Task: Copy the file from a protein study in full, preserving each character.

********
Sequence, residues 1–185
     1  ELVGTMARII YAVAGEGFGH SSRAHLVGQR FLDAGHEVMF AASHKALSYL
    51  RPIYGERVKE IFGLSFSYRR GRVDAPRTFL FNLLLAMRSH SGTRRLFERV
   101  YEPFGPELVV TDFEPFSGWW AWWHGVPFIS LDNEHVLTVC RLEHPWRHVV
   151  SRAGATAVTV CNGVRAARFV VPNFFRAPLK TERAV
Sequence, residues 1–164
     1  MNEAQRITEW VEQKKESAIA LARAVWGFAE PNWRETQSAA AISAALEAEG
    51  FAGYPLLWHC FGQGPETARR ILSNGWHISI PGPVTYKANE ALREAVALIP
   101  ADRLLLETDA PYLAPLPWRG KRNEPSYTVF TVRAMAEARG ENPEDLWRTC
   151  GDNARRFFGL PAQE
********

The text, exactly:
Sequence, residues 1–185
     1  ELVGTMARII YAVAGEGFGH SSRAHLVGQR FLDAGHEVMF AASHKALSYL
    51  RPIYGERVKE IFGLSFSYRR GRVDAPRTFL FNLLLAMRSH SGTRRLFERV
   101  YEPFGPELVV TDFEPFSGWW AWWHGVPFIS LDNEHVLTVC RLEHPWRHVV
   151  SRAGATAVTV CNGVRAARFV VPNFFRAPLK TERAV
Sequence, residues 1–164
     1  MNEAQRITEW VEQKKESAIA LARAVWGFAE PNWRETQSAA AISAALEAEG
    51  FAGYPLLWHC FGQGPETARR ILSNGWHISI PGPVTYKANE ALREAVALIP
   101  ADRLLLETDA PYLAPLPWRG KRNEPSYTVF TVRAMAEARG ENPEDLWRTC
   151  GDNARRFFGL PAQE